A recent Brookings Institution policy brief explored the impact that a cumbersome, and perhaps unpredictable regulatory environment coupled with massive capital investments, could have on the future of American liquefied natural gas exports. The brief noted there were 21 domestic export projects either underway or in the planning stages, plus an additional project being considered in Alaska. The report noted that while demand for LNG remains high abroad, particularly in Asia, other countries are already racing to meet that demand. The brief concluded “going forward, despite the presence of abundant resources worldwide, we believe it will be increasingly difficult to finance new LNG projects, due to high upfront costs in combination with a substantial number of uncertainties which influence supply and demand.”
It is clear that global uncertainty, particularly as it relates to oil prices and therefore capital expenditure budgets for major energy producers, has cast doubt on the viability of American LNG export projects. However, there is a case to be made that one project in particular has a unique opportunity to meet Asian demand: the proposed Alaska LNG project.
In many regards, Alaska remains uniquely situated to develop and commercialize its vast gas resources to markets abroad. First, there is a gas resource the size of at least 32 trillion cubic feet on Alaska’s North Slope. Second, Alaska’s location is closer in proximity to growing Asian demand than any other proposed project in the U.S. And recent investments to develop Point Thomson’s gas fields, coupled with decades of development at Prudhoe Bay, demonstrate that gas reserves on the North Slope are proven and won’t necessitate costly exploratory drilling. The proposed Alaska LNG project, where some estimates could cost more than $50 billion, may end up being the largest energy infrastructure project in North America when built.
But in order for the project to move forward, Alaska’s government, a partner in the project, must commit to supporting its advancement. So far, the messages have been mixed at best.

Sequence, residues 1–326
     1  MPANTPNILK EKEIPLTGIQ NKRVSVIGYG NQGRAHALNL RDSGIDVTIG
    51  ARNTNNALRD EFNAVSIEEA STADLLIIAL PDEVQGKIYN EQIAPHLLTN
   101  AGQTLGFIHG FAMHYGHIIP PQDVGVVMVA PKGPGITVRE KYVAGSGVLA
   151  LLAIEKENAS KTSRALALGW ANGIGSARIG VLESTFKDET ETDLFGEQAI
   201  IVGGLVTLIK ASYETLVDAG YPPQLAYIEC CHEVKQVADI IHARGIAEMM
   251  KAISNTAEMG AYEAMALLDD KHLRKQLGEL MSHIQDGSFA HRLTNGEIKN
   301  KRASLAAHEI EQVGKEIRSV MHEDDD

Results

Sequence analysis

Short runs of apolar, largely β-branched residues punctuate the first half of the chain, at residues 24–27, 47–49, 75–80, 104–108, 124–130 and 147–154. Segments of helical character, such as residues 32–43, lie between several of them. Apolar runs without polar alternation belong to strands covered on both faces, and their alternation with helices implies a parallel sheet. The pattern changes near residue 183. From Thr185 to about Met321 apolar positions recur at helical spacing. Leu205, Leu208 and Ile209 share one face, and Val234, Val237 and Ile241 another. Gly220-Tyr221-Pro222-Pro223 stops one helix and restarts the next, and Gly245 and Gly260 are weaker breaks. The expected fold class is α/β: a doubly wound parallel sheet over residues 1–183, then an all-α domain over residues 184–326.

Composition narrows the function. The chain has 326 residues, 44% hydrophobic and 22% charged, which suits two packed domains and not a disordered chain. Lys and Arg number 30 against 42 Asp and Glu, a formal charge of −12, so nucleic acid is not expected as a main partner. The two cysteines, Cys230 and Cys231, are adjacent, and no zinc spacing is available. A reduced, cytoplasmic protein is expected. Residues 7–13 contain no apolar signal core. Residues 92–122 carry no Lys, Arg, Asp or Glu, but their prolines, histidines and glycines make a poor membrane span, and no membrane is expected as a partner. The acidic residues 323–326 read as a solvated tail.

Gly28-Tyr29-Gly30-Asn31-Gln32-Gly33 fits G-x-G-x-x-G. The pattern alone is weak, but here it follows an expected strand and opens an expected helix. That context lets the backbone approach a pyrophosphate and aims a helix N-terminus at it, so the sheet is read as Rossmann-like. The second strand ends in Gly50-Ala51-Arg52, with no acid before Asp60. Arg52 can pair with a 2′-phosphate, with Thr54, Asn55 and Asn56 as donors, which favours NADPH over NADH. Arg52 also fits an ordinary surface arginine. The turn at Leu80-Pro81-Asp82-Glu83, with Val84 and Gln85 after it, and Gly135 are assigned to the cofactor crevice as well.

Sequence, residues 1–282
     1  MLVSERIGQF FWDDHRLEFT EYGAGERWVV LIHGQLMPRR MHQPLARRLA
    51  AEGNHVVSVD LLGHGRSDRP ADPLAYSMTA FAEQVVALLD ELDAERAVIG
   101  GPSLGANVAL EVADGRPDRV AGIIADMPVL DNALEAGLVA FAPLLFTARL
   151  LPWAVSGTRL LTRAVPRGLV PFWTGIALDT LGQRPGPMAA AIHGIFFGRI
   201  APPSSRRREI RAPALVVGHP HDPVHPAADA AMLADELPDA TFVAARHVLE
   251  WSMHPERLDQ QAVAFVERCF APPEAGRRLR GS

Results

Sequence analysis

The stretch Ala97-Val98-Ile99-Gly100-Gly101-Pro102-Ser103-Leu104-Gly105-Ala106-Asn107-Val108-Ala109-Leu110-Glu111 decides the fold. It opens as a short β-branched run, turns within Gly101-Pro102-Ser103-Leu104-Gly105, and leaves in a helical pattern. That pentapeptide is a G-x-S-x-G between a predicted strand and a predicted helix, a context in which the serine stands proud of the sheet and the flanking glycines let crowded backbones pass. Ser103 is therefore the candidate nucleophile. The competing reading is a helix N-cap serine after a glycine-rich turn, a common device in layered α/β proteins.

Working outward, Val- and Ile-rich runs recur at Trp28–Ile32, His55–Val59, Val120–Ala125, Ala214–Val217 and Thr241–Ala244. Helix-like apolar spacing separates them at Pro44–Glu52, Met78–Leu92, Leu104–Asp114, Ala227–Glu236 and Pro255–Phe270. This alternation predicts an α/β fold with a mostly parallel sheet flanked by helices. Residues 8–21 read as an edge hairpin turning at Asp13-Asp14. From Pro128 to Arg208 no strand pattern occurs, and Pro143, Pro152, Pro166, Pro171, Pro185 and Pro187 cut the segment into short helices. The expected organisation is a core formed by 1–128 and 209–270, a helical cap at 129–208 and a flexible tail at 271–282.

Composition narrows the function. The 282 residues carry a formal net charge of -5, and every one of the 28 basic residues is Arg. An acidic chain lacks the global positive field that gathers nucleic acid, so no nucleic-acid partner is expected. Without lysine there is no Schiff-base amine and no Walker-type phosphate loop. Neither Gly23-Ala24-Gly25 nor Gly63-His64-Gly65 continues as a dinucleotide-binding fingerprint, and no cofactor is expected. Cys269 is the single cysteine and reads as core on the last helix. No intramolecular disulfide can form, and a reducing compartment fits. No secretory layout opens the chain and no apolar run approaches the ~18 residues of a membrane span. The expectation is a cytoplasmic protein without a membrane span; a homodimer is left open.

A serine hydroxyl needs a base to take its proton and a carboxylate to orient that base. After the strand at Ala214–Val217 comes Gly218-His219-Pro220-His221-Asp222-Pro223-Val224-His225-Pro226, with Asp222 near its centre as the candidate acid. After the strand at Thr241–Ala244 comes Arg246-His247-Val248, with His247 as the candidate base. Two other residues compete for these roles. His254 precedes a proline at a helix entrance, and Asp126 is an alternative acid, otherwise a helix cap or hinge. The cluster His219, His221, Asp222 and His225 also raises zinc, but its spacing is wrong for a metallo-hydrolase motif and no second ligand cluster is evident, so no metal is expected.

Just to the south, British Columbia is set to make history this month. The provincial legislature is set to debate authority for the premier to approve a $36 billion investment by Petronas as Pacific NorthWest LNG, and kick start decades-long energy investments in the province. For years, the governments of the province have put in place legislation to attract energy investment and grow British Columbia’s economy and employment. The LNG industry as a whole in British Columbia is expected to create over 100,000 jobs, as at least one LNG project would be up and running by 2015, and that five would be in operation before 2020. There are currently 18 projects in various stages of construction and planning.
Making energy a legislative priority isn’t done only for the sake of cozying up to industry for political capital — it’s essential to minimizing the risk both private investors and energy producers are taking when a project of such a large scale is proposed. In Canada, the government is acting as a partner by minimizing risk, enabling the development of natural resources and encouraging economic growth. Here in the United States, that’s exactly what Alaska must now do.
In June, the current Alaska administration released a letter expressing concerns about existing framework of the Alaska LNG project, signaling that additional political roadblocks could impede further progress. Political statements like these are seen as risks to investors, and in turn, it risks the state’s future diversified economy. In August, there were news reports that the Alaska government was looking to change its stake in the final project, and could even threaten a new tax on the energy producers if they will not comply. To minimize those risks, Alaska’s government should signal to production companies through supportive legislation and political commitment a willingness to act as a partner on this project. Already, there have been years of work and two signature pieces of legislation advanced to move the project forward. Further delay could imperil the success of the project, particularly given the current era of global uncertainty that the Brookings Institute brief outlined.
Natural gas development, both for export or in-state consumption, has been an issue for decades in the Last Frontier. All parties, including the Gov. Bill Walker’s administration and the Alaska Legislature, have responsibilities and commitments to make in order to keep costs for suppliers and investors down for the AKLNG project. Alaska’s resource, proximity to Asia and decades of experience are known quantities. But political uncertainty remains a potential obstacle.
• Guy F. Caruso served as administrator to the Energy Information Administration from July 2002 to September 2008.